'Nas Daily' Creator Trades High-Paying Tech Job For Viral Travel Vlog

Download Audio

Nuseir Yassin (@nasdailyvideos) was working at a high-paying tech job in New York when he realized that one-third of his life was over. He decided to quit his job to travel the world and make one-minute videos. Those videos have gone viral, and he now has more than 4 million followers on Facebook.

Here & Now's Robin Young talks with the man behind "Nas Daily."

Interview Highlights

On why he decided to pursue "Nas Daily"

"When I was at Venmo, I was going to work every day, and I spent like a year and a half [there]. When you spend a lot of time in your job, you realize you're just selling your time in exchange for money. I wasn't really progressing much. And then I did some simple, simple math. 'I'm 23 right now. I'm supposed to live to 76, based on U.S. male average life expectancy, 23 out of 76." That was 32 percent. I was like, 'Oh, my God, I'm one-third dead.' That was like a wake-up call. And so I decided to quit and actually make use of every single day, and make something in that day, which is a one-minute video."

On why he uses Facebook rather than YouTube as the platform for his videos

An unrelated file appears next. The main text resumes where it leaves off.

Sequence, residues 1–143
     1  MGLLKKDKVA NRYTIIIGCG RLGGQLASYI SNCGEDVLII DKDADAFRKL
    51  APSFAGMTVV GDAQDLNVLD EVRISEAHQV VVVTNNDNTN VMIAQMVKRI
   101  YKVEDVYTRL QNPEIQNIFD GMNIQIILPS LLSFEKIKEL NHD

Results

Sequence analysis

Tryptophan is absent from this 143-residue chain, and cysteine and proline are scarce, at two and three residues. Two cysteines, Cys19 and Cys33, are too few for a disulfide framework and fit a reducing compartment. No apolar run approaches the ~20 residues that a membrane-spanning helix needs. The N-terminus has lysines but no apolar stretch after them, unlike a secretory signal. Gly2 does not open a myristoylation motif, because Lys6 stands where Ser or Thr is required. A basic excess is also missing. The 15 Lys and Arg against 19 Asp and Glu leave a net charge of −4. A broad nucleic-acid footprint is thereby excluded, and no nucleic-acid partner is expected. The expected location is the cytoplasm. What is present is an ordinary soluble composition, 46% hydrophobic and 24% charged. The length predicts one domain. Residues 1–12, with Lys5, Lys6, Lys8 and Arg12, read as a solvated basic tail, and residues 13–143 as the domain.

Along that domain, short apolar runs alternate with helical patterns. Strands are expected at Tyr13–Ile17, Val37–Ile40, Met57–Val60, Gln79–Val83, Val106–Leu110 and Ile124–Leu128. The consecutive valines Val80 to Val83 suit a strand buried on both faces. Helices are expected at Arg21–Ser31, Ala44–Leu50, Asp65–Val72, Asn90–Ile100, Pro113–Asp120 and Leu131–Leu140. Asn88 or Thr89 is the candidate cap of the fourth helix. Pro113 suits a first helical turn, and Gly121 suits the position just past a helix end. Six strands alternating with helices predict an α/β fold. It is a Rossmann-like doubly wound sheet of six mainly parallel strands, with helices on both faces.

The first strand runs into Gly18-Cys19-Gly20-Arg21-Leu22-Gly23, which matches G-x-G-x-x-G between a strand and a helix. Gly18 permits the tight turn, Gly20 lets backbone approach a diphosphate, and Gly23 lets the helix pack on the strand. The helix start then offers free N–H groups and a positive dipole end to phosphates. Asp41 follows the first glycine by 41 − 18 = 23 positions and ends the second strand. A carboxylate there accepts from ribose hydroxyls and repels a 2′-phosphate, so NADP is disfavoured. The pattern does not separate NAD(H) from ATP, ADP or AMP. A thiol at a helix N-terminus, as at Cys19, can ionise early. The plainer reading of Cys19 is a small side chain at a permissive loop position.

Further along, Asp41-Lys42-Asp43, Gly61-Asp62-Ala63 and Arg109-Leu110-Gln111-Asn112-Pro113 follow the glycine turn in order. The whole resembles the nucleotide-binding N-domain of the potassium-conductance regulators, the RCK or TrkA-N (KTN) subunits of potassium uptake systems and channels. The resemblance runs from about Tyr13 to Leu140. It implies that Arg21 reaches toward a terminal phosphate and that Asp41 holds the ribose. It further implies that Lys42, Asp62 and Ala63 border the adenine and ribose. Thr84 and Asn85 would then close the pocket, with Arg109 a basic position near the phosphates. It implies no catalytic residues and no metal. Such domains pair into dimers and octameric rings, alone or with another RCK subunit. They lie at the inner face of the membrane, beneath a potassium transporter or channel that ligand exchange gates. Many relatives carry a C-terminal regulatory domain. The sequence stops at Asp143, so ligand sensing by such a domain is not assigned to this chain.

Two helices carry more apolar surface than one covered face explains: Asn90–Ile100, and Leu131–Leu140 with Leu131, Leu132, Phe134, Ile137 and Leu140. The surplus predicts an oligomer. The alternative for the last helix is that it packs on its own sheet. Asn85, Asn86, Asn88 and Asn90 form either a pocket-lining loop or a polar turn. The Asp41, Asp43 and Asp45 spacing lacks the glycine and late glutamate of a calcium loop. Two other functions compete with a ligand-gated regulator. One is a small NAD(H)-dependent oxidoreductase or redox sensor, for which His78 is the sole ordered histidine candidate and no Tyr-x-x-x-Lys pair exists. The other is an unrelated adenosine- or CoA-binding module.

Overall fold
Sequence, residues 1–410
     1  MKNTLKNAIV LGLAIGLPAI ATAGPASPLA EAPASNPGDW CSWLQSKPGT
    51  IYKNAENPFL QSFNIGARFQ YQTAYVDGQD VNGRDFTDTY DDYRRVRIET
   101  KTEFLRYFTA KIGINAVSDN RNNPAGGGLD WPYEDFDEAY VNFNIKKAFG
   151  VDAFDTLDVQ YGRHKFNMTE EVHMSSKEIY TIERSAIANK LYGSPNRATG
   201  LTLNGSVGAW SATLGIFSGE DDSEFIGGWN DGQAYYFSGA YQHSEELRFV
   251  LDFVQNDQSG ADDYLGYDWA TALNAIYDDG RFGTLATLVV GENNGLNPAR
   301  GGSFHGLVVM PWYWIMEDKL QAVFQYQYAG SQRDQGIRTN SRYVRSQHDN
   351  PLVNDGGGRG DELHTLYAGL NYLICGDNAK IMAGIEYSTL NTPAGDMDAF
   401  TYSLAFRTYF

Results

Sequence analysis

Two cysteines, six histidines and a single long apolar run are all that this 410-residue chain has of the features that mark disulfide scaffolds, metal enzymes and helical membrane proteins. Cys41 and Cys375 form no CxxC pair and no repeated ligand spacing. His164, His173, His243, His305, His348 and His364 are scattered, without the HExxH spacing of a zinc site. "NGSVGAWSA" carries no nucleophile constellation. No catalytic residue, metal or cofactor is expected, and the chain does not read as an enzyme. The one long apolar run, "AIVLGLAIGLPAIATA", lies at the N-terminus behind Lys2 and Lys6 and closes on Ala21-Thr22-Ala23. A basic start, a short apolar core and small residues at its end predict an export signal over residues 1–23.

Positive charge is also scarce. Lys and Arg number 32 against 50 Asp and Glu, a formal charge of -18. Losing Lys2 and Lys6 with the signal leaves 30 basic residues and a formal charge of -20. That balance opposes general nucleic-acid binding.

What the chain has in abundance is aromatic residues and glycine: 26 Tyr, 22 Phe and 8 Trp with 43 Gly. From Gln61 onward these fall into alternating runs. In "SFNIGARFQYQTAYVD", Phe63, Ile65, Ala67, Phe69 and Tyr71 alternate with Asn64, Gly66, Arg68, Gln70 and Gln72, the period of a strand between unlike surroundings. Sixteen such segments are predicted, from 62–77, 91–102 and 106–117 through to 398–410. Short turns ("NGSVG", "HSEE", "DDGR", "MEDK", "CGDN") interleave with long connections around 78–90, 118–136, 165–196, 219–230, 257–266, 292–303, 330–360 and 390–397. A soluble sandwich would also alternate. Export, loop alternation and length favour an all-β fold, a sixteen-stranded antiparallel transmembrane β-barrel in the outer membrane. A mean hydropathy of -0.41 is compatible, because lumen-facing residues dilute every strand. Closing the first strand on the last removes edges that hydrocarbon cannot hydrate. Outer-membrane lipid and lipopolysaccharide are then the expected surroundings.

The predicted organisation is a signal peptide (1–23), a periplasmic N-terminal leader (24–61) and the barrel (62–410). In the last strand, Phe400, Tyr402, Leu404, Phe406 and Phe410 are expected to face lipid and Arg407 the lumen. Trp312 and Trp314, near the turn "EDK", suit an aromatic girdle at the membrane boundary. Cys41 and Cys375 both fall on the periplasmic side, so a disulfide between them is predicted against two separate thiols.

"YouTube will die. And you heard it from me, and I focus only on Facebook. You know, if I go to, let's say, Zimbabwe and I say, 'Hello, guys, I'm in Zimbabwe,' and I put it on my Facebook page as an event, all of a sudden you have 200 people show up. And in the Philippines, you have 1,000 people show up, and it's crazy. On YouTube, that thing you cannot do. You can only post a video for everybody at the same time and it's a video. ... All this community aspect is why I want to make videos. I want to make videos with a community."

"When you spend a lot of time in your job, you realize you're just selling your time in exchange for money."

Nuseir Yassin

On worries about potential danger visiting certain countries

"With a 1 percent chance of something bad happening, I don't want to miss out on a 99 percent chance of something great happening. So that's been the guiding principle of my entire video-making. The only time I thought I would need security, there were some protests because of the security gates in Jerusalem. I wanted to make a meet-up to sort of counter the violence, but other than that I don't."

On the issues he addresses in the videos

"Sensitive issues. Yeah I do. I wish I didn't — I hate this. But I feel like I don't want to make videos about a Pikachu [the Pokemon character]. I don't want to make silly videos."

On how long he sees himself doing this

"I made a commitment to work a thousand days nonstop, and after then I'll stop the daily, one-minute segments. I got my camera on Day 1, and on Day 270 I blew up. So it took almost a year to [go viral].

"I have the best possible life because I believe in the mission I'm making, and I'm making money out of something I enjoy, and I travel. But there's no, 'I don't feel like it.' You have to think in terms of videos. And for me, it's just a cost-benefit analysis. This is the cost I have to pay. The benefit? I'm talking to you. That's the benefit."

This article was originally published on January 31, 2018.

This segment aired on January 31, 2018.



More from Here & Now

Listen Live